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National debt will now surpass $56 trillion by 2034, report says. What’s the problem?

The national debt continues to head in the wrong direction and at an accelerated pace. It will now surpass $56 trillion by 2034, according to a new report by the Congressional Budget Office.

At the moment the debt remains just under $35 trillion. Part of the problem is that the U.S. continues to spend more money than it collects in taxes.

“Continuing to spend massively more than we take in and adding every year massively to the national debt will not go on forever and unless we deal with it in a constructive way we will have a financial catastrophe at some point,” said Sen. Mitt Romney, R-Utah, on the topic earlier this month.

For 2024, the CBO predicts the U.S. will spend $1.9 trillion more than it brings in. That’s up from the initially predicted $1.6 trillion deficit this year.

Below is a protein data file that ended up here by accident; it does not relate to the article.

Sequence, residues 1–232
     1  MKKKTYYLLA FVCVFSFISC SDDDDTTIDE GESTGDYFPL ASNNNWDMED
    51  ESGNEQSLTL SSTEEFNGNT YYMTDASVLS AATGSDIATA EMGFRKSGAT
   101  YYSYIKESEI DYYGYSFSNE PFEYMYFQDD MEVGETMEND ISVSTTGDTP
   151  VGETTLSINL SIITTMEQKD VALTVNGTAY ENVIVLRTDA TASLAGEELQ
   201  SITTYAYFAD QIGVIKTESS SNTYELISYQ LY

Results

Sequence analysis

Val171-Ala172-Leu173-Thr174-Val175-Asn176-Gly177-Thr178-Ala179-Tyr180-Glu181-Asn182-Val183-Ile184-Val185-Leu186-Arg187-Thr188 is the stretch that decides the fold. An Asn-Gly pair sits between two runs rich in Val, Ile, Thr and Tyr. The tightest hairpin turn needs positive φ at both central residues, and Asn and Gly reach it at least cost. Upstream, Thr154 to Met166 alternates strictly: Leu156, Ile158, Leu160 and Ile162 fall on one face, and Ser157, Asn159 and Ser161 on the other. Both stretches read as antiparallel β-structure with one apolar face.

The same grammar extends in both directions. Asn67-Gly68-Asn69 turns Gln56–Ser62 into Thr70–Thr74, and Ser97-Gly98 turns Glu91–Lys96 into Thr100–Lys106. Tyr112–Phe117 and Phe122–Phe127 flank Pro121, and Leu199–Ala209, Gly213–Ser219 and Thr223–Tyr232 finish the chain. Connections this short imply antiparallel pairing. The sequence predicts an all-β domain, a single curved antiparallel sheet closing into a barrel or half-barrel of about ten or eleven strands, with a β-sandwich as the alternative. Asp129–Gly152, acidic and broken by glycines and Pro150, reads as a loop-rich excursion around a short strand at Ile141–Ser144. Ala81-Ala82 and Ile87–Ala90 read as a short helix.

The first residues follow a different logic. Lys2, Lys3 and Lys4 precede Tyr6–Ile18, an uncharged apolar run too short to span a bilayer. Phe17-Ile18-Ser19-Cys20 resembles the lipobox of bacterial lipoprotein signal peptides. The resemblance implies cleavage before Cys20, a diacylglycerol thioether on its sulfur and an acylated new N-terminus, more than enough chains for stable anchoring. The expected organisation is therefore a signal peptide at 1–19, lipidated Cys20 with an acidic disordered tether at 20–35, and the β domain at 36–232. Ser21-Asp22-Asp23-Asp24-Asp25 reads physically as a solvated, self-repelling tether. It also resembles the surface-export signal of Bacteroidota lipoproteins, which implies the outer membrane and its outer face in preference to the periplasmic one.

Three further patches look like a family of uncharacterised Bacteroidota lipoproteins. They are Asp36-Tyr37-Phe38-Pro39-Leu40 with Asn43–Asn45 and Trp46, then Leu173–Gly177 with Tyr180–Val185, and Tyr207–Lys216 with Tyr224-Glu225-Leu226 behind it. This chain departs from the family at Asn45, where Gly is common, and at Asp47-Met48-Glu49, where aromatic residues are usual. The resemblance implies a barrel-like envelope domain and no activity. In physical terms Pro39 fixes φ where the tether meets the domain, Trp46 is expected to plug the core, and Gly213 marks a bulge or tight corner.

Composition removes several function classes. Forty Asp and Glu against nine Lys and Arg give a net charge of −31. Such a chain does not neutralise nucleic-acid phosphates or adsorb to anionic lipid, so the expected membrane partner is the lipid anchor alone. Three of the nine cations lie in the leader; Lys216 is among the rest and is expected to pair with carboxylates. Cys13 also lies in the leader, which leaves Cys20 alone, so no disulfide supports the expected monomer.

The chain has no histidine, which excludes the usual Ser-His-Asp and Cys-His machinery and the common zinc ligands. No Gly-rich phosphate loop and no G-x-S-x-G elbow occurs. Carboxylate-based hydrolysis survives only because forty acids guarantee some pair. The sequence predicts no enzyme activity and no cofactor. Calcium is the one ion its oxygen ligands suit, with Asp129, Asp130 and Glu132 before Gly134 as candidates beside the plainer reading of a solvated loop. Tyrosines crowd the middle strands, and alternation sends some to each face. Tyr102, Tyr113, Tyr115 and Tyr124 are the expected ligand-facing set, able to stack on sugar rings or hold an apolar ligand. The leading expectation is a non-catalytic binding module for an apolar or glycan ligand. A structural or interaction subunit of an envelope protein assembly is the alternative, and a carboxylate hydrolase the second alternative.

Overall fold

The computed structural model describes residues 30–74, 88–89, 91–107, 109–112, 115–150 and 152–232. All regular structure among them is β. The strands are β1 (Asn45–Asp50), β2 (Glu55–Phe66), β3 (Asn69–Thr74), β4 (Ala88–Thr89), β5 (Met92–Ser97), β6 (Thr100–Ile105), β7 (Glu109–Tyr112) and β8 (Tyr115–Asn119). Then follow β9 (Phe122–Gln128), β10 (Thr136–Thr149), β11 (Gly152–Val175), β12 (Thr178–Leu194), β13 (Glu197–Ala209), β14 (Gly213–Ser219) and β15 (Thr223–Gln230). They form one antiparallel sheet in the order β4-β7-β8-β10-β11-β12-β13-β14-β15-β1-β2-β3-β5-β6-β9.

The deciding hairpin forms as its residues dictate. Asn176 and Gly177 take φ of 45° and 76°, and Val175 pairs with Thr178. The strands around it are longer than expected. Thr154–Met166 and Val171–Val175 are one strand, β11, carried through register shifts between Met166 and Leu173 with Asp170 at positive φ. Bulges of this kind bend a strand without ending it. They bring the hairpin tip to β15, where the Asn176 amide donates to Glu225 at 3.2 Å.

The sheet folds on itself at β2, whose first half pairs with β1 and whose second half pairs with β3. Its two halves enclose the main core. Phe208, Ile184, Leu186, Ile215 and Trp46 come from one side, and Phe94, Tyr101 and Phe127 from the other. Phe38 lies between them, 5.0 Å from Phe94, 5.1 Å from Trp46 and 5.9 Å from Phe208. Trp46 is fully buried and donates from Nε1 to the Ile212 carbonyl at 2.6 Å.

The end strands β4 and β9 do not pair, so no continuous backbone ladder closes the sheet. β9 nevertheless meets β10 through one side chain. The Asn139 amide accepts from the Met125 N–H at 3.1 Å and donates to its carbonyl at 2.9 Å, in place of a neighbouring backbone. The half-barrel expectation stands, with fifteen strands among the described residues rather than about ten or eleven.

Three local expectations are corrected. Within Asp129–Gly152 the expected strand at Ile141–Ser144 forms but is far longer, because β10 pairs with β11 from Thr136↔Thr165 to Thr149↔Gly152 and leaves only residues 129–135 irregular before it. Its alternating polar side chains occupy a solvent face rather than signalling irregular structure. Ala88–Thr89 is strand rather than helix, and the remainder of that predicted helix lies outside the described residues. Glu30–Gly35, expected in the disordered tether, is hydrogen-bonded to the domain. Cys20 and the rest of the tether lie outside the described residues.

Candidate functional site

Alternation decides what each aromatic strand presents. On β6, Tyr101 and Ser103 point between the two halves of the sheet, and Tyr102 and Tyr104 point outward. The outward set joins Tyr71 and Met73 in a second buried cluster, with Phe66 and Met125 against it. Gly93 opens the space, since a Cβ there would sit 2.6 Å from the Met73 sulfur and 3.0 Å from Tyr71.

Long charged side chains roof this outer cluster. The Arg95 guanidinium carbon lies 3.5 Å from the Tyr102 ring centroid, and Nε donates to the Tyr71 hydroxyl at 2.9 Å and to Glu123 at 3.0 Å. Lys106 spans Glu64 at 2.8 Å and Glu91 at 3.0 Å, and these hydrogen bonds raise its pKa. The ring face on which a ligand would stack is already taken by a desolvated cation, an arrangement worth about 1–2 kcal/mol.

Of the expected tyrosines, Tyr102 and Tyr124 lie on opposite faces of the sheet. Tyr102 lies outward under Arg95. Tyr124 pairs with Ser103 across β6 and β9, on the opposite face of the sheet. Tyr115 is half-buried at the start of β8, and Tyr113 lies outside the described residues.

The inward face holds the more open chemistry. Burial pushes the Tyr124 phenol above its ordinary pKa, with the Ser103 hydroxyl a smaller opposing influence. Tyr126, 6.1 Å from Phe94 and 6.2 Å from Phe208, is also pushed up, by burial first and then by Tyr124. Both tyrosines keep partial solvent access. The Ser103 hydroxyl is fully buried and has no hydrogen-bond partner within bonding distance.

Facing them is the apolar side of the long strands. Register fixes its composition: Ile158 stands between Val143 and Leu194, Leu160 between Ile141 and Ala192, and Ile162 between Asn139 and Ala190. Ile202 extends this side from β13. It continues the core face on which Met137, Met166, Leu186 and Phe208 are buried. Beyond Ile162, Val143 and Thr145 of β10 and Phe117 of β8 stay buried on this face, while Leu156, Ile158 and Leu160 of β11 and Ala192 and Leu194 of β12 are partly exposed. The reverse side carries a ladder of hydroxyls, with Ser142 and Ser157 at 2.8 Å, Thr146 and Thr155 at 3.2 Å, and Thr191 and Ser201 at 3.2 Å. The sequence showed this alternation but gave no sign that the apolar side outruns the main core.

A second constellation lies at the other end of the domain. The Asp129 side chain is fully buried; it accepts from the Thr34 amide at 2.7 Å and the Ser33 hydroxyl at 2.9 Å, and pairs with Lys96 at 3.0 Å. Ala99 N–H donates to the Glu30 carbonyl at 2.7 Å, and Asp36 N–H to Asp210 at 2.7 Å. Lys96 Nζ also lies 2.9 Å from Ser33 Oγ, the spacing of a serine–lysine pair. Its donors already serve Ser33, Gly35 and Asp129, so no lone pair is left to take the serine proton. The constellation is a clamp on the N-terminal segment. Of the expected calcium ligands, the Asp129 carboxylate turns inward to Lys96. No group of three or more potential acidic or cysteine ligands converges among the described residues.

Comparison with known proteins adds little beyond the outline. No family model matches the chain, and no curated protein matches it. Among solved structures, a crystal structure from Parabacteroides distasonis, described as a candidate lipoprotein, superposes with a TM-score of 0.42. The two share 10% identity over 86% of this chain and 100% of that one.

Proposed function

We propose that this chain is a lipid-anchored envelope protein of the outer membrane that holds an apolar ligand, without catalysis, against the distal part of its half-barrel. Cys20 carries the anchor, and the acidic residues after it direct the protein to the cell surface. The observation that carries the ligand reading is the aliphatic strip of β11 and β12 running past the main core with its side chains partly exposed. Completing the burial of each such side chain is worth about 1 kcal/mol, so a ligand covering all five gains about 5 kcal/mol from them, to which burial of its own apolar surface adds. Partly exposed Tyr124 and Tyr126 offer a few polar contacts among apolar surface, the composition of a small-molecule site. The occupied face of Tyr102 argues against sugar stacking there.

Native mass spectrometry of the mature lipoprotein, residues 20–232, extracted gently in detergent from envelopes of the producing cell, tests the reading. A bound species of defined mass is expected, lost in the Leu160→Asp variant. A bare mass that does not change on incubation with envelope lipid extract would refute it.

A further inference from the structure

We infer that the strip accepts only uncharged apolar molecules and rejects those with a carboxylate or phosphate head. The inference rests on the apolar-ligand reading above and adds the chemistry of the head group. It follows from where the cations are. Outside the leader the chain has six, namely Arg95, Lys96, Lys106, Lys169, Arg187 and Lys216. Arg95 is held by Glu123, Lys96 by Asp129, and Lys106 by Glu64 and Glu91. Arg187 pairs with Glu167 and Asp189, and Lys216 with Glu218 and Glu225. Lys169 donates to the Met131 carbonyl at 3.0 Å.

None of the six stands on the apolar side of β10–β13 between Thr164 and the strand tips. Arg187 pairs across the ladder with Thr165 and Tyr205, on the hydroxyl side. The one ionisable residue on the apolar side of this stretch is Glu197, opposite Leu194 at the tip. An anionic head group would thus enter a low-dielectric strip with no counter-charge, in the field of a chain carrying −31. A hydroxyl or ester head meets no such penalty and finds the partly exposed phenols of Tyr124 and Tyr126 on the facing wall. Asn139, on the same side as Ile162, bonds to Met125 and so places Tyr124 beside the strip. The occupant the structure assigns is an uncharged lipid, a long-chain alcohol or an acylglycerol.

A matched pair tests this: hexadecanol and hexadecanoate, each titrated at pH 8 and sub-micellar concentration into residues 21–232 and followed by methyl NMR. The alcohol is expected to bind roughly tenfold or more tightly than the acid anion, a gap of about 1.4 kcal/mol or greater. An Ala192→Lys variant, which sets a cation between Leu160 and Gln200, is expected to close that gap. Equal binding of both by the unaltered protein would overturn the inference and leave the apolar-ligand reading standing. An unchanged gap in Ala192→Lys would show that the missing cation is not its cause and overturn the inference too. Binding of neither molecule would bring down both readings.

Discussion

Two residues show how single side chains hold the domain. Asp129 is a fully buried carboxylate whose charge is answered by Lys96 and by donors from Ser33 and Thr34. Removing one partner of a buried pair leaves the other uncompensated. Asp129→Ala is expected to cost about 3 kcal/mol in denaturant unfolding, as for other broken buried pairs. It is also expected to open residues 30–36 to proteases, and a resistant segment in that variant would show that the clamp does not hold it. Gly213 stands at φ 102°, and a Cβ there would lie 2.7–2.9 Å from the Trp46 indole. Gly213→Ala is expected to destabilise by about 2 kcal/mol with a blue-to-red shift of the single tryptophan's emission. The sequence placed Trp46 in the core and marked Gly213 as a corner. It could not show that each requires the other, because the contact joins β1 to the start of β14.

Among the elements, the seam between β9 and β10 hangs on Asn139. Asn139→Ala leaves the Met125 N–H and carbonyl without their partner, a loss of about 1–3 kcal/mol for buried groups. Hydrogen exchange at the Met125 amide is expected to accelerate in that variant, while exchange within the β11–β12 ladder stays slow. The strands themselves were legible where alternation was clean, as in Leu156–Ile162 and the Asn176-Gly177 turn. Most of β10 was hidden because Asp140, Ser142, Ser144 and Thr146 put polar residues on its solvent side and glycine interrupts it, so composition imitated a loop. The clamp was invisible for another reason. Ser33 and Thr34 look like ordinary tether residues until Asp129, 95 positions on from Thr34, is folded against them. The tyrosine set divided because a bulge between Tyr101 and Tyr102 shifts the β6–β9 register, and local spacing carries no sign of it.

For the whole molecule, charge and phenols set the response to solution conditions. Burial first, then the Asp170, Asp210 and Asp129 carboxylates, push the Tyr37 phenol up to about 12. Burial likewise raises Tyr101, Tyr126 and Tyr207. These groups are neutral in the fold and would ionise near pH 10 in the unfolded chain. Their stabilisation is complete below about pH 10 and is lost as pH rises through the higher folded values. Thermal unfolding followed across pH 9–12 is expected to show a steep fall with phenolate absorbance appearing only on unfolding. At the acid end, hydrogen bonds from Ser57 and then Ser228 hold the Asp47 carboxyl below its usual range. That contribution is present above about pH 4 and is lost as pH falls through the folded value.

The increase was largely driven by President Biden canceling $100 billion in student loan debt, as well as the ballooning costs of aiding Ukraine and Israel and increased Medicaid spending.

“We have a political system where instead of doing any of the necessary things that hard budgets require, our politicians seem to bury their heads in the sand,” said Maya Macguineas, president of the Committee for a Responsible Budget during an interview with The National Desk on the issue last month.

A partial or full extension of Donald Trump’s 2017 tax cuts – which Biden and Trump have said they support to varying degrees, will increase the deficits further.

“It’s not just spending. It is both spending and taxing you have to do both in order to reach balance,” Romney pointed out.

The leaders elected this fall will have to make a series of important decisions impacting the country’s financial situation including whether to raise the debt limit and by how much. They will also need to consider whether or not to extend Trump’s 2017 tax cuts and make decisions on healthcare subsidies.


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